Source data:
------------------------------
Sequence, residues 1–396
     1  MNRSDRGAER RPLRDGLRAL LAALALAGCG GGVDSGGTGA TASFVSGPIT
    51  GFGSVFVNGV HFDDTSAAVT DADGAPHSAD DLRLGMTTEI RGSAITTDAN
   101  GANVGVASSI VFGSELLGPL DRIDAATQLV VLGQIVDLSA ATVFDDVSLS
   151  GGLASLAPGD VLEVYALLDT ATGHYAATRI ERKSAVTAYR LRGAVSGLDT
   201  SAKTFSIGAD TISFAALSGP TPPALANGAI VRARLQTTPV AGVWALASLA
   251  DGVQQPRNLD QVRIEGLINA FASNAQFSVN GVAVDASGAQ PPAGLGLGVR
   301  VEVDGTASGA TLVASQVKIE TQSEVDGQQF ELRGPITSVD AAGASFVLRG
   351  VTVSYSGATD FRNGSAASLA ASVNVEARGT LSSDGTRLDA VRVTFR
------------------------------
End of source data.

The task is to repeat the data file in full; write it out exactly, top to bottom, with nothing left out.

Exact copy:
Sequence, residues 1–396
     1  MNRSDRGAER RPLRDGLRAL LAALALAGCG GGVDSGGTGA TASFVSGPIT
    51  GFGSVFVNGV HFDDTSAAVT DADGAPHSAD DLRLGMTTEI RGSAITTDAN
   101  GANVGVASSI VFGSELLGPL DRIDAATQLV VLGQIVDLSA ATVFDDVSLS
   151  GGLASLAPGD VLEVYALLDT ATGHYAATRI ERKSAVTAYR LRGAVSGLDT
   201  SAKTFSIGAD TISFAALSGP TPPALANGAI VRARLQTTPV AGVWALASLA
   251  DGVQQPRNLD QVRIEGLINA FASNAQFSVN GVAVDASGAQ PPAGLGLGVR
   301  VEVDGTASGA TLVASQVKIE TQSEVDGQQF ELRGPITSVD AAGASFVLRG
   351  VTVSYSGATD FRNGSAASLA ASVNVEARGT LSSDGTRLDA VRVTFR